Streaming as an excuse for alone time
I’m not going to lie, this was 100% an excuse for me to get some scheduled gaming alone time. It was an excuse for me to do the things that revive me as a person – connecting with strangers, having conversations, listening to music, talking philosophy, and creating a community.
It gave me a schedule – one that I encouraged myself to keep. What started out as a “once a week during nap time” activity turned into a 4-5 night a week priority that has introduced me to amazing people and communities from all over the world.
What did valuing this little piece of self-care give my family? A revived mother, an enthusiastic wife, and much more genuine, present family time.
The art of negotiation, listening, and consent
This story is not really about how streaming can be your recharge time. It’s not even really about managing a gaming schedule amongst the rabble. It’s about knowing yourself and your partner well enough to understand what your recharge is, and ensuring – absolutely ensuring – that you have access to that.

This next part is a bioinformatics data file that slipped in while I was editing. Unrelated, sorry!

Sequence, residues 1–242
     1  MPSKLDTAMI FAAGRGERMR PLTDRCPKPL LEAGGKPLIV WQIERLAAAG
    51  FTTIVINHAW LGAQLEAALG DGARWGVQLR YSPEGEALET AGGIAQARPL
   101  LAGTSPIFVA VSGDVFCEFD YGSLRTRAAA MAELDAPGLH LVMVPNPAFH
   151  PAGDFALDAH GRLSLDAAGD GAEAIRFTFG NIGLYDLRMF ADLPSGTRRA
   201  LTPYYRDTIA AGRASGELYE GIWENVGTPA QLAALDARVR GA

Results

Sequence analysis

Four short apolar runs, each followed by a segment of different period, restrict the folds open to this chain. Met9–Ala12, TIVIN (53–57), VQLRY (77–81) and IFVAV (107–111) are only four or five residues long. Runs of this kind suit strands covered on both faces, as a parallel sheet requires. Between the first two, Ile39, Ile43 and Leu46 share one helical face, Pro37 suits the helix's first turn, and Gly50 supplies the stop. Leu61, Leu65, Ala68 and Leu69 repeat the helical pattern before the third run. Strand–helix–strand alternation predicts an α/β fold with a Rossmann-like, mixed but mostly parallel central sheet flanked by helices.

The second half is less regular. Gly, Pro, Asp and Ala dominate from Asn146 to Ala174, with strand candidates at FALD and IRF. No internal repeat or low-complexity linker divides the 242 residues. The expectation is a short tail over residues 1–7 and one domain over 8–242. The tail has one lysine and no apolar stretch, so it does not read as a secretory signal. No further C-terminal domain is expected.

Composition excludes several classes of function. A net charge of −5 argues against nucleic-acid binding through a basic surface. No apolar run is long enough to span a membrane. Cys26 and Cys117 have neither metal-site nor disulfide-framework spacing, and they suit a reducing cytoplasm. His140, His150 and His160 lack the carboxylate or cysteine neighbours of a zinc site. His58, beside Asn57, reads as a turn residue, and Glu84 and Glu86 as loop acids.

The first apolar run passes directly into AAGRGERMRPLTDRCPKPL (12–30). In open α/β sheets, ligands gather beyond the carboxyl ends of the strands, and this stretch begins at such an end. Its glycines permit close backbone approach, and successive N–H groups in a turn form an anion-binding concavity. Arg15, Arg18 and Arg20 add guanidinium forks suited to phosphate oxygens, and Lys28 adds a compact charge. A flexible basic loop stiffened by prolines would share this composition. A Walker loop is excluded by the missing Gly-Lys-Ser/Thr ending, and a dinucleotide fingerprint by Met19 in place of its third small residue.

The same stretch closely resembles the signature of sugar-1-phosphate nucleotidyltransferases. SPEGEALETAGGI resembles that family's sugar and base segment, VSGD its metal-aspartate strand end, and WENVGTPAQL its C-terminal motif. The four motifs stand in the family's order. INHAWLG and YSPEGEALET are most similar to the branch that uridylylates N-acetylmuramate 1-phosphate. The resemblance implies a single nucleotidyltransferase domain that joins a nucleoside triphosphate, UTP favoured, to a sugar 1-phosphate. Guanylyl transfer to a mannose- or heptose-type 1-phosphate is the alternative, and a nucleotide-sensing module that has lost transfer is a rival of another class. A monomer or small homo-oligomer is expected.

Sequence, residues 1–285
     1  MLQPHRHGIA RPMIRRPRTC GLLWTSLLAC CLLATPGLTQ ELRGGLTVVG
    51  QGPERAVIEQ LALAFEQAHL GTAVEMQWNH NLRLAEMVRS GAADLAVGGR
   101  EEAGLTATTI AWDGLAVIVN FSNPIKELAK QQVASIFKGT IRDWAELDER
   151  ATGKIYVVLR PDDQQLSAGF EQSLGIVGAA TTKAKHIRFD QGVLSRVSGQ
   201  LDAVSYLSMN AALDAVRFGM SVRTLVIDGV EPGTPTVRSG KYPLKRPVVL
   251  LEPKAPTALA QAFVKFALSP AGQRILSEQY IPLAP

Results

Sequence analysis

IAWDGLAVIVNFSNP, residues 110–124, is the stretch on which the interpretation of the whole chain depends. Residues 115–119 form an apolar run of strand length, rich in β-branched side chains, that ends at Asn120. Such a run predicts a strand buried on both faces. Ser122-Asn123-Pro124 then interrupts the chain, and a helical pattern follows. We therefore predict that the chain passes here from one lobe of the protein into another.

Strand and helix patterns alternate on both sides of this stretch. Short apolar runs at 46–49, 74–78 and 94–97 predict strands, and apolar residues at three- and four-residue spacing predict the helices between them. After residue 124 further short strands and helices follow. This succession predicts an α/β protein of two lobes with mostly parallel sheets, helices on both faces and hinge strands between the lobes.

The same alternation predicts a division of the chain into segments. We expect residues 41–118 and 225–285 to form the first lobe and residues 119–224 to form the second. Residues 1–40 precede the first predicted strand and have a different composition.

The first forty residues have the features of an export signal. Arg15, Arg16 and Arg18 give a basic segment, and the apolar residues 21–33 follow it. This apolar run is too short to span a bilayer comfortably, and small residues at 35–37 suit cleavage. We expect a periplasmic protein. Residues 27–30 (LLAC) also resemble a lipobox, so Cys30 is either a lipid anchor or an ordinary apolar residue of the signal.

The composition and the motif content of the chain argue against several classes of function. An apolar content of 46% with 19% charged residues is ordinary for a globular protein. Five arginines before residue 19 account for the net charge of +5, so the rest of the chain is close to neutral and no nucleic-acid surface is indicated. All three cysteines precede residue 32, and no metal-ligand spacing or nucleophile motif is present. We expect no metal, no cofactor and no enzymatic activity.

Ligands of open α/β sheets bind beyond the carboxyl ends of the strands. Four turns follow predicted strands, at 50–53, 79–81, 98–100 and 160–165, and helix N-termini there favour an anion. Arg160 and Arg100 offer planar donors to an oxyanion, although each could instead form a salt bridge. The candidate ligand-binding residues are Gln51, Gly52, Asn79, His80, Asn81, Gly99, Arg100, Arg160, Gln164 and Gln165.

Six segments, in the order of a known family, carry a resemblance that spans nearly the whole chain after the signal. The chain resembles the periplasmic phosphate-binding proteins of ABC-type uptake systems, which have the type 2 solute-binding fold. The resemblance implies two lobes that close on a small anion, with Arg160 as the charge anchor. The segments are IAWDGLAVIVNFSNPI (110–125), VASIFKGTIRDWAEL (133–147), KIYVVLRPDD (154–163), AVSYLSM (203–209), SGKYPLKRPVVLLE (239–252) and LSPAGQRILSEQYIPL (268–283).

Like most things in a long-term, time-poor relationship, this article is about the art of compromise and consent.
It can be very difficult for couples to come to a sensible and reasonable rhythm around off-time and on-time. The alternative to not putting this at the front and centre of your relationship is disconnection, miscommunication, and arguments that can be avoided if you approach your family’s self-care with an open heart and an open mind.
How do we manage it? Well, everyone is different. We maintain a rigorous schedule. But that little dissection is for another article. Over the next few months, you will see how the other parents of WomANZ deal with these and similar issues. We would love to hear from you too.
The first step is to acknowledge and talk about these things. So, let’s chat! I can’t wait to hear what you have to say.